2. I won’t defend gradations of endeavours; I am with you on that. A drafter should either define the levels of effort required, or set a cap, a floor, or both, or leave the whole thing to vague ‘reasonableness’ (implicit in ‘efforts’, explicit in ‘reasonable efforts’).

    But I fear drawing an oversharp distinction between ‘objective’ and ‘subjective’ meanings. In practice the distinction amounts to which nonparties’ understanding will be decisive.

    If two parties contract about a widget, and each has a different understanding of what ‘widget’ means, a court can (1) find no contract (minds failed to meet), or (2) rule for a meaning supported by other ‘subjects’ whose consensus will be labeled ‘objective’ (eg authors of The Widget Industry Enchiridion).

    In short, one can call a purported meaning ‘objective’, but it is still a meaning held by one or more persons at one or more places for one or more periods of time, whose view a person appointed to decide the dispute deems authoritative and imposes on the parties over the protests of one or both.

    • Defining the level of effort required may well be wise, particularly if you are demading an uncommonly high level of effort. (“Party A shall spend as much money and as much time as is necessary to….”)

  3. Ken:

    Putting a litigator’s hat one for a moment, suppose that the contract in question requires the seller to make “all reasonable efforts” to deliver electronic widgets. Assume that the evidence shows that there are exactly two reasonable ways to deliver the electronic widgets; that is, each method is reasonable standing on its own. Now assume that the evidence also shows that using both methods (including using a second after the first fails) is not reasonable, but could have been rendered reasonable by a change in the economics of the deal — such as by increasing the price.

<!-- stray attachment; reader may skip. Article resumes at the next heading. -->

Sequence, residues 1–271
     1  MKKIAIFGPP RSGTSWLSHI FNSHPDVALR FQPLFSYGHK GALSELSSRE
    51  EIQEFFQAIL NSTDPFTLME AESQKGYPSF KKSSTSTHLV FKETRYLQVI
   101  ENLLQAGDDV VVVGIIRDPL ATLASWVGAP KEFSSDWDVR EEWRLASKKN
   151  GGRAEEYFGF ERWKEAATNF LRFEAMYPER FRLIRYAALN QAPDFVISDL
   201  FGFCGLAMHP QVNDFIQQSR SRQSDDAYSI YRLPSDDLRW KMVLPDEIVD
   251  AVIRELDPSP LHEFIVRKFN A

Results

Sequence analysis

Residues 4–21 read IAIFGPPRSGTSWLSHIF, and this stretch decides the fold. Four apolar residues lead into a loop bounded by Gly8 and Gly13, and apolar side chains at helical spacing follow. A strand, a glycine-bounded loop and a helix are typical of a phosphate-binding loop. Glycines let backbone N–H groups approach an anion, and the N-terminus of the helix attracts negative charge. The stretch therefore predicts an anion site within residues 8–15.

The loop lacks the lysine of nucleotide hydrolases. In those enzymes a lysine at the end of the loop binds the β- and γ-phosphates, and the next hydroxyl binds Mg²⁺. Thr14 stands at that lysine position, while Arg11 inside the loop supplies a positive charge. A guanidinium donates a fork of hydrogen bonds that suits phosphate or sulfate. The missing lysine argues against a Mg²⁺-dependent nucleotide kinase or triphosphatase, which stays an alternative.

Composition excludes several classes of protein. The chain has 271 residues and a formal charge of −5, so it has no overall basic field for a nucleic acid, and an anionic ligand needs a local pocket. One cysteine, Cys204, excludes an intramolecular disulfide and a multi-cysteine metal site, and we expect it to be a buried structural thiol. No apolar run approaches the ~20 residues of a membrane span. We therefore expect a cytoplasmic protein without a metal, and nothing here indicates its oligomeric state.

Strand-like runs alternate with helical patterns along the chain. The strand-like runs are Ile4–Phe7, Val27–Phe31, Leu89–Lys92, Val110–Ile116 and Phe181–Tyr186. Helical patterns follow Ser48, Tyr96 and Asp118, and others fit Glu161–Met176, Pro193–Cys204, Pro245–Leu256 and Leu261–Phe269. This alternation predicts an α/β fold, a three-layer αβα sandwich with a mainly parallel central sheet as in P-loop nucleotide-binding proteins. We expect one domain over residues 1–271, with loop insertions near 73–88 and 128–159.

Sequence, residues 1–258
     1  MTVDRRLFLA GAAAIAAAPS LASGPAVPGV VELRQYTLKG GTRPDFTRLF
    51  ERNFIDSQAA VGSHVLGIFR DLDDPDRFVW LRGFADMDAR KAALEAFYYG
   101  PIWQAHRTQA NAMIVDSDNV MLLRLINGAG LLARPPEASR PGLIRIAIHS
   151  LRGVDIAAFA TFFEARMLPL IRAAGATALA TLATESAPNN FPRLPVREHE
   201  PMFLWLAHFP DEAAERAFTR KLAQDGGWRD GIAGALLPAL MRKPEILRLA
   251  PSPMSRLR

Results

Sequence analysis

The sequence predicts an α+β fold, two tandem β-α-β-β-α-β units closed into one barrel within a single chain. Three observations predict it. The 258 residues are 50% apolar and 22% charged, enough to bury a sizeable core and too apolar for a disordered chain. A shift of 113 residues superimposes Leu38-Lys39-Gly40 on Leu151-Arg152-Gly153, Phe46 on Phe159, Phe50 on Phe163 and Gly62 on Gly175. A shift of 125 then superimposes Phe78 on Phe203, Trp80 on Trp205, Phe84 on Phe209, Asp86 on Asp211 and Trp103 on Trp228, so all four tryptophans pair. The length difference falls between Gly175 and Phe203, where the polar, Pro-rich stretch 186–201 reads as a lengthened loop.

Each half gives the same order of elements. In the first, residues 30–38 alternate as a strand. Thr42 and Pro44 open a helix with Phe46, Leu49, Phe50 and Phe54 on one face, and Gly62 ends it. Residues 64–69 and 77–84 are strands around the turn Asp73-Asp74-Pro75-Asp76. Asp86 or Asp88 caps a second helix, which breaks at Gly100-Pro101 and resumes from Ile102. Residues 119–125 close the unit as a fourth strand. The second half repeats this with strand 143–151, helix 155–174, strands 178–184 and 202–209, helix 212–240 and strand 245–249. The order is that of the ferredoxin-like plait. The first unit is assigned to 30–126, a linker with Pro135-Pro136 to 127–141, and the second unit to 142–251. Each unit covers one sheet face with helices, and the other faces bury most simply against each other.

That feels to me, from an after-the-fact litigator’s perspective, that maybe there’s a function that could be ascribed to the word “all.” That after-the-fact perspective is what judges must endure, so I feel for them. But from a before-the-fact drafter’s perspective, that’s just too much burden for one little three-letter word to bear. If you, as the buyer, expect me to fail over to a second delivery method, we ought to contract for that expressly, and not leave it to such a weak instrument.


  4. The judges are so caught up in the “different words MUST mean different
    things” canon that they’re unable to say “these are all sloppy ways of saying
    the same thing and the lawyers did a mediocre job of drawing different lines if that’s what they meant to do.”